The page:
What Is Hypomania?
Hypomania is a state of mind characterized by abnormally high spirits, and it is a potential symptom of bipolar disorder, specifically type II.
The primary symptoms of hypomania are heightened giddiness, excitement, flamboyance, or irritability, as well as tension, restlessness, vigilance, distractibility, and intense focus.
Hypomania is sometimes a symptom of bipolar disorder, but it may also result from other factors, such as:
Hypomanic symptoms and signs vary from person to person. Here are some examples of hypomanic behaviors:
- Taking advantage of a dinner party by making crude comments
- Behaving or dressing in a flamboyant manner
- Those who struggle with hypersexual tendencies may demand excessive amounts from their partners, initiate inappropriate demands
- Changing topics while speaking
- Sleeping less
- Purchasing a car you cannot afford recklessly
- “Feeling lucky” leads you to take risks you would normally avoid
- It is hard for others to follow you when you speak so fast
- Intense irritability, aggression, or excitement
Hypomania can be diagnosed based on common symptoms and signs. The patient should have a persistently elevated, expansive, or irritable mood for the majority of the day, accompanied by unusually increased energy and activity for at least four days.
Hypomania is marked by different moods, habits, and behaviors than one’s everyday state, and can be easily observed by those around them. It is important to distinguish hypomania from a variety of moods by noticing no mood fluctuations.
Hypomania is also ruled out by symptoms so severe that they substantially interfere with your day-to-day functioning or necessitate hospitalization. Be sure to rule out the possibility of medications or recreational drug use as a cause before you make a diagnosis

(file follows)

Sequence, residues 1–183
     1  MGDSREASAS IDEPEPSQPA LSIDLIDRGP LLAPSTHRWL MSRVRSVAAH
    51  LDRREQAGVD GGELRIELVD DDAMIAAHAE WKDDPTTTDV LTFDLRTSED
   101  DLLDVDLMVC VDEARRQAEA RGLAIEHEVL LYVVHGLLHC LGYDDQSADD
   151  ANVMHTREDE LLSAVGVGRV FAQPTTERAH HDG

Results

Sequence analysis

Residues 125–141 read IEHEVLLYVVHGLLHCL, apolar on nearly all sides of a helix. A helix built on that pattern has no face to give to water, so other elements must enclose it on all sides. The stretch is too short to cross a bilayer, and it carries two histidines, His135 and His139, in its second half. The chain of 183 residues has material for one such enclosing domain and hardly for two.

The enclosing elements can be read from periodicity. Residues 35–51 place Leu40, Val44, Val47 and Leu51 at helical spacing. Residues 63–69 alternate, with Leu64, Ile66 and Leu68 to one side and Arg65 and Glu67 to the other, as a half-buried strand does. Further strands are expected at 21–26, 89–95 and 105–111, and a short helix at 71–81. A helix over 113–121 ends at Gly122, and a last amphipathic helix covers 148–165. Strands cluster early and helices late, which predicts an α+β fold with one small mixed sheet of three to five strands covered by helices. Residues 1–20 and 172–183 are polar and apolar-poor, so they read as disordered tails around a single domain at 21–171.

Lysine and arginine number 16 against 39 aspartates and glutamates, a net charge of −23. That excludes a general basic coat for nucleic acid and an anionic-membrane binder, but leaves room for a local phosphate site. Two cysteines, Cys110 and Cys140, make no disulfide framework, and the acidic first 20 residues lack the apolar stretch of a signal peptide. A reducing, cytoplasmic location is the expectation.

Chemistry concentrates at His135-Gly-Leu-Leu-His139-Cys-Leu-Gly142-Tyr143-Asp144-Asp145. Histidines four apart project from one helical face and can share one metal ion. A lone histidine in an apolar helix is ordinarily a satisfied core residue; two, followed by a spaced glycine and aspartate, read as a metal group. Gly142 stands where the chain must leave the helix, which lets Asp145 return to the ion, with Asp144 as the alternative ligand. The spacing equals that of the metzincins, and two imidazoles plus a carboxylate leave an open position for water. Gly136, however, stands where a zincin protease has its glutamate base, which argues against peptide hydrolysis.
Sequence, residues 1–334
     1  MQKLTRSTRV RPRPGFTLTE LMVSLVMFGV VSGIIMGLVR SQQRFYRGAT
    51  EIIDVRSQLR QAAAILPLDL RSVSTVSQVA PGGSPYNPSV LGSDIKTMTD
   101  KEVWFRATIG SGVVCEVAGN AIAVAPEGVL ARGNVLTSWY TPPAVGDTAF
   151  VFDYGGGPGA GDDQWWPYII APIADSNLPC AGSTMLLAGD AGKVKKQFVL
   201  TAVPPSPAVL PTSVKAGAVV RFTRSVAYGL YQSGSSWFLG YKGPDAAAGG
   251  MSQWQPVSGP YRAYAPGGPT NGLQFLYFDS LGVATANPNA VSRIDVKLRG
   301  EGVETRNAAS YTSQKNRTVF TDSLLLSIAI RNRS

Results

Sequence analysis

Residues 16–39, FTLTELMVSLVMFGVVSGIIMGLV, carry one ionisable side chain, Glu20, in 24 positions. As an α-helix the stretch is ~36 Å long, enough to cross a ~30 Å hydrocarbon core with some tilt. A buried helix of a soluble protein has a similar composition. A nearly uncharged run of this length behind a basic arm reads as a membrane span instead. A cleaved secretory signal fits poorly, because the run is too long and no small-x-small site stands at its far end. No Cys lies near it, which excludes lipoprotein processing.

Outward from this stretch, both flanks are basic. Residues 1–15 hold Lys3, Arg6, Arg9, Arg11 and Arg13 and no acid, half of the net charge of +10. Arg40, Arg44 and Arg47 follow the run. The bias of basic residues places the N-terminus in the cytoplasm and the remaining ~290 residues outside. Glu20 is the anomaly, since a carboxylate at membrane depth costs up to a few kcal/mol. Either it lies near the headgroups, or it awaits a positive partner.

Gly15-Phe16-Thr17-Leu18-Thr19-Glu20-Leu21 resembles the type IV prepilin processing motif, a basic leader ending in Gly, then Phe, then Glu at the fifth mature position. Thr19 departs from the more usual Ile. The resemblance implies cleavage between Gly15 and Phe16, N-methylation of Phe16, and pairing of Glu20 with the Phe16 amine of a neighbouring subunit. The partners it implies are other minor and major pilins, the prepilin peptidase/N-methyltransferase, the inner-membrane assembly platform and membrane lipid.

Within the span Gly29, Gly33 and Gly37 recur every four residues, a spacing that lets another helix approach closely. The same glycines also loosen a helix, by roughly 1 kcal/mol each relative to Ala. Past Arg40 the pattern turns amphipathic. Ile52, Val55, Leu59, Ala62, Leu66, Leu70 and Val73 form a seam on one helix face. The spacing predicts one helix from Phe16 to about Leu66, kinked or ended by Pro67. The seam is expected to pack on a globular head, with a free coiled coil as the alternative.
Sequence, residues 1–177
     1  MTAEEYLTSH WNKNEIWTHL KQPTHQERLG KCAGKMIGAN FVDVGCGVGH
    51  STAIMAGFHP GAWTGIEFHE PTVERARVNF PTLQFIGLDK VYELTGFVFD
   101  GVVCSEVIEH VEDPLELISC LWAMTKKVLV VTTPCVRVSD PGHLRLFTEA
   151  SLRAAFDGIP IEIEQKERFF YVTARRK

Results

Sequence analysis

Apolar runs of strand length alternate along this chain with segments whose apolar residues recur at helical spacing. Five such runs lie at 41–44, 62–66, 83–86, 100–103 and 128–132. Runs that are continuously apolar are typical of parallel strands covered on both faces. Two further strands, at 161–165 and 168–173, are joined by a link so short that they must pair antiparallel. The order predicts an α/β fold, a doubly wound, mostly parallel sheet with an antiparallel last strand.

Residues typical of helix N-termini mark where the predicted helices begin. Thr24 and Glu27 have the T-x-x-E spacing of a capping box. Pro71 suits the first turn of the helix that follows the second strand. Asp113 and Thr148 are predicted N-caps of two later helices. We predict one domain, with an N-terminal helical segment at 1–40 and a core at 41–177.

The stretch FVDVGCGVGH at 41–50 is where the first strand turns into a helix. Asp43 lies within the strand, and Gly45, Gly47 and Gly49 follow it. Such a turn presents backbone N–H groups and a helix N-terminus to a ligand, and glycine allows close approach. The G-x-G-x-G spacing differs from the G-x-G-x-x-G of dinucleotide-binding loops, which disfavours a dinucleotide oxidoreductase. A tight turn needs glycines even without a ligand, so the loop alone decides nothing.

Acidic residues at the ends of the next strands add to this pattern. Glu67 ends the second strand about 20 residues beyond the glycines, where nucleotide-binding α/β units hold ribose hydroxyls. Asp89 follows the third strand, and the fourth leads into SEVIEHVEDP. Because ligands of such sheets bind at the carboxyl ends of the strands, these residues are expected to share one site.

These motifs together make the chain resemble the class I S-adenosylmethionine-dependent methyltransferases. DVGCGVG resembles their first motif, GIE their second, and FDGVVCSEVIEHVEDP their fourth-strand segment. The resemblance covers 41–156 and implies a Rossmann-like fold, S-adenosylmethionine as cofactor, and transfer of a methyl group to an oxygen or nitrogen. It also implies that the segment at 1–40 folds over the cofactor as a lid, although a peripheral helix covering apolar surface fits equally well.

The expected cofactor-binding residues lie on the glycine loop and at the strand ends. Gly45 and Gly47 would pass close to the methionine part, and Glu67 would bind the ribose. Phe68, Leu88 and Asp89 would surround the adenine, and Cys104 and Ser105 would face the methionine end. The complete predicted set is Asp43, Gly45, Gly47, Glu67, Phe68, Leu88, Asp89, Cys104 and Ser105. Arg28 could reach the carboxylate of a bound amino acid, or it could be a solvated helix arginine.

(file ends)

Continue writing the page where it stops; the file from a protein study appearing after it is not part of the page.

It is generally required that a person who suffers from both depressive episodes and manic or hypomanic episodes be diagnosed with bipolar disorder. Bipolar II disorder is associated with symptoms of depression, hypomania, and mania, but not mania. Other factors may lead to a different diagnosis, such as cyclothymia.
Bipolar hypomania is diagnosed when three or more of the following symptoms are present with a persistently elevated mood or a persistently irritable mood:
- Easily distracted
- Engaging in excessively risky activity, such as spending sprees, gambling, or engaging in sexual indiscretions
- Intensely motivated toward achieving a specific goal
- Psychomotor agitation is characterized by fidgetiness, pacing, or restlessness
- You feel that your thoughts are flitting around or that they are racing
- Imagine yourself as powerful, talented, or amazing in a way that is too grandiose
- Feeling tired less often without requiring more sleep
- Feeling compelled to talk constantly or unusual talkativeness
It is not mandatory to also be diagnosed with bipolar disorder if you receive a diagnosis of hypomania.
Hypomania can have serious long-term consequences even if no psychosis or exaggerated moods are present. Sexually transmitted infections (STIs) can ruin relationships as a result of hypersexuality. You may suffer severe financial hardship if you spend irresponsibly, and you may lose your job if you behave inappropriately.
Hypomania is most commonly treated with medications called mood stabilizers; your doctor may prescribe one or more of the following:
- Lithium and Valproic Acid (can relieve hypomania symptoms until antipsychotics fully take effect).
- Benzodiazepines (anti-anxiety drugs)
- Mood stabilizer lithium (with antidepressant properties)
- Valproic acid (an anticonvulsant)
Additionally, lifestyle changes and holistic approaches can help, including the following:
- Avoid stimulants like caffeine, sugar, and loud, crowded social situations that can trigger anxiety
- Exercise every day
- Sleeping seven to eight hours each night
- Meals on a regular basis
Make an appointment with your psychiatrist if you have been experiencing symptoms of hypomania. They will determine if hypomania is a symptom of bipolar disorder and if it’s accurate.
Here are some suggestions for dealing with hypomania until then:
- Educate yourself: It will be easier for you to manage your condition if you learn more about hypomania and your symptoms and triggers.
- Keep a mood diary: You and your doctor can work together to keep your hypomanic episodes under control by keeping a journal or using an app to track your moods.
- Stay the treatment course: Hypomania can be managed only if you follow your treatment plan if you have bipolar disorder.
- Ask for support: It’s important to get support, whether from a supportive family and friends or a specialist support group.